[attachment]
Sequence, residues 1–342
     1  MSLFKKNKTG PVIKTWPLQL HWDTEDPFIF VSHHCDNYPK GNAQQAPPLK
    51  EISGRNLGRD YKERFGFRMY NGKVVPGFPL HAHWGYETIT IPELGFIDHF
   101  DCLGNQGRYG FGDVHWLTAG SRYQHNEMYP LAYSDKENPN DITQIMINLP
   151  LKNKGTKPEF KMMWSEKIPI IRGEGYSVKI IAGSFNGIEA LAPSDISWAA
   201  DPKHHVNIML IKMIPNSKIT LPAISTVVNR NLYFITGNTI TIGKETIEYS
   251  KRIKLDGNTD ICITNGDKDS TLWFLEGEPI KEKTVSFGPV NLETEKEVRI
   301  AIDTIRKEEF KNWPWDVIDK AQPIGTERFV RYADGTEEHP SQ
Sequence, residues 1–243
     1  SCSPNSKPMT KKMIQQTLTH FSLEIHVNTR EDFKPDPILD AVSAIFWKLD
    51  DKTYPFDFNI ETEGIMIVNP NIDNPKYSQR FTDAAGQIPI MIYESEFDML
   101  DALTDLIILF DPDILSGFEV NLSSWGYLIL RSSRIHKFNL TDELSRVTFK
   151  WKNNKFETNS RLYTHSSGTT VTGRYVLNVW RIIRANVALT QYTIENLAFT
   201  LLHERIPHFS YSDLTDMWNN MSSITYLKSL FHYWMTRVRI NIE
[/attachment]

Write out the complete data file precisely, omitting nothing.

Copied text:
Sequence, residues 1–342
     1  MSLFKKNKTG PVIKTWPLQL HWDTEDPFIF VSHHCDNYPK GNAQQAPPLK
    51  EISGRNLGRD YKERFGFRMY NGKVVPGFPL HAHWGYETIT IPELGFIDHF
   101  DCLGNQGRYG FGDVHWLTAG SRYQHNEMYP LAYSDKENPN DITQIMINLP
   151  LKNKGTKPEF KMMWSEKIPI IRGEGYSVKI IAGSFNGIEA LAPSDISWAA
   201  DPKHHVNIML IKMIPNSKIT LPAISTVVNR NLYFITGNTI TIGKETIEYS
   251  KRIKLDGNTD ICITNGDKDS TLWFLEGEPI KEKTVSFGPV NLETEKEVRI
   301  AIDTIRKEEF KNWPWDVIDK AQPIGTERFV RYADGTEEHP SQ
Sequence, residues 1–243
     1  SCSPNSKPMT KKMIQQTLTH FSLEIHVNTR EDFKPDPILD AVSAIFWKLD
    51  DKTYPFDFNI ETEGIMIVNP NIDNPKYSQR FTDAAGQIPI MIYESEFDML
   101  DALTDLIILF DPDILSGFEV NLSSWGYLIL RSSRIHKFNL TDELSRVTFK
   151  WKNNKFETNS RLYTHSSGTT VTGRYVLNVW RIIRANVALT QYTIENLAFT
   201  LLHERIPHFS YSDLTDMWNN MSSITYLKSL FHYWMTRVRI NIE